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How are halogenoalkanes made?


There are several ways by which halogenoalkanes can
be made, including:

free radical substitution of an alkane:


CH4 + Cl2 CH3Cl + HCl

electrophilic addition of HX or X2 to an alkene:


C2H4 + HBr C2H5Br
C2H4 + Br2 C2H4Br2

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Free radical substitution: Cl2 + CH4

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Other products of chain reactions


If an alkane is more than two carbons in length then any of
the hydrogen atoms may be substituted, leading to a mixture
of different isomers. For example:

1-chloropropane

2-chloropropane

The mixture of products is difficult to separate, and this is


one reason why chain reactions are not a good method of
preparing halogenoalkanes.
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Further substitution in chain reactions


Some chloromethane molecules formed during free radical
substitution between methane and chlorine will undergo
further substitution to form dichloromethane. Further
substitution can occur until all hydrogens are substituted.

The further substituted chloroalkanes are impurities that


must be removed. The amount of these molecules can be
decreased by reducing the proportion of chlorine in the
reaction mixture.
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Chain reactions and ozone

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Free radical reactions: true or false?

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Bonding in alkenes

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Structure of alkenes summary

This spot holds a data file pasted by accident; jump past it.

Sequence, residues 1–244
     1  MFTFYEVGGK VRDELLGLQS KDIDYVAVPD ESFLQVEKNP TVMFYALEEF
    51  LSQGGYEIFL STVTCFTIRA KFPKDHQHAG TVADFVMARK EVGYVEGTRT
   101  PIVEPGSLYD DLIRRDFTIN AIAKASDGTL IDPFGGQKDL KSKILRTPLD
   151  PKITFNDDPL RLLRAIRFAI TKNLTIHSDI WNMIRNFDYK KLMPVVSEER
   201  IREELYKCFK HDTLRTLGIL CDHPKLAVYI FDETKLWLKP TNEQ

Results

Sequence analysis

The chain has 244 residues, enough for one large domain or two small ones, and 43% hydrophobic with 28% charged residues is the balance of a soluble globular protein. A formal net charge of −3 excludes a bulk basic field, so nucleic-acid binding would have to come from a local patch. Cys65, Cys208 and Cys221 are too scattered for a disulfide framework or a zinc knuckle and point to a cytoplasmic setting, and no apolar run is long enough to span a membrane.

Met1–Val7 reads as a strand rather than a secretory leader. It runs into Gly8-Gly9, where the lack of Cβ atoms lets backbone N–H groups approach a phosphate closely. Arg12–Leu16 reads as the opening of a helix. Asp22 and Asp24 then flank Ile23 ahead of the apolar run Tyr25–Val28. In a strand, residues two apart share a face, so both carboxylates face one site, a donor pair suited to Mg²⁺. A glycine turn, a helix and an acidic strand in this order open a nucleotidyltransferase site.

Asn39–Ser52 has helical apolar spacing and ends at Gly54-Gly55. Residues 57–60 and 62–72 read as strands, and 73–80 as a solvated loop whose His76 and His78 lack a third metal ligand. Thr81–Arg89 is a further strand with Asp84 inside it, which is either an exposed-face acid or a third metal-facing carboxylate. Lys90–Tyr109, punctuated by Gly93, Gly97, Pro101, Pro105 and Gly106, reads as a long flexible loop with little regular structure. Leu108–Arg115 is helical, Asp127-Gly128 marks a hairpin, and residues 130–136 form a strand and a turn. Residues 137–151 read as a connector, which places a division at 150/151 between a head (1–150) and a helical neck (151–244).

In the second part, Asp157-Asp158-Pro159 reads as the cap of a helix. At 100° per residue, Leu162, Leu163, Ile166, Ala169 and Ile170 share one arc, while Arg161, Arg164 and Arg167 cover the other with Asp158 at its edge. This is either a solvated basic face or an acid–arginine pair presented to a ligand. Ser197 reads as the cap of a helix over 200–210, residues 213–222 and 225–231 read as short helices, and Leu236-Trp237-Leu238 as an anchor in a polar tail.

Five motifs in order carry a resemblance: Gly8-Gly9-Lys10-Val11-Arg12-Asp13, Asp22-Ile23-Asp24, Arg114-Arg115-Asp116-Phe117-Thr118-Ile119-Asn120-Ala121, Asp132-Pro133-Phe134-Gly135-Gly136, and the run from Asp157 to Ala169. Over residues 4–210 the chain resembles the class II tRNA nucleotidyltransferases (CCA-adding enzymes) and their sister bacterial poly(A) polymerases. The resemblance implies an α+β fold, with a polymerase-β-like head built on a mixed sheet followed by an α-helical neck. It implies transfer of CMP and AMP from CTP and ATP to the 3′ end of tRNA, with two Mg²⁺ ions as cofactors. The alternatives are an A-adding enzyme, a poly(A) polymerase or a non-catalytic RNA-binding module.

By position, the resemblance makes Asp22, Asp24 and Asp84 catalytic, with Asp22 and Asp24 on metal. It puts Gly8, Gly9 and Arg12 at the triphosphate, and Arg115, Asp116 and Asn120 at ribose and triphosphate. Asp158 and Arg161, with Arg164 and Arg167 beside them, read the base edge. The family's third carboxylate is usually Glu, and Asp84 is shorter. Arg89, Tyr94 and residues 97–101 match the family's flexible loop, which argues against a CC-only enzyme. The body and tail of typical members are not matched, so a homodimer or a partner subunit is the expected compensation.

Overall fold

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Double bonds and electrophiles


The double bond of an alkene is an area of high electron
density, and therefore an area of high negative charge.
The negative charge of the double bond may be attacked
by electron-deficient species, which will accept a lone pair
of electrons.
These species have either a full positive charge or slight
positive charge on one or more of their atoms. They are
called electrophiles, meaning electron loving.
Alkenes undergo addition reactions when attacked by
electrophiles. This is called electrophilic addition.
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Electrophilic addition mechanism: 1


In the first stage of electrophilic addition,
the positive charge on the electrophile is
attracted to the electron density in the
double bond.
+

As the electrophile approaches the


double bond, electrons in the AB
bond are repelled towards B.

The pi bond breaks, and A bonds to the


carbon, forming a carbocation an ion
with a positively-charge carbon atom.
The two electrons in the AB bond
move to B forming a B- ion.
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Electrophilic addition mechanism: 2


In the second stage of electrophilic
addition, the B- ion acts as a nucleophile
and attacks the carbocation.

The lone pair of electrons on the B- ion


are attracted towards the positivelycharged carbon in the carbocation,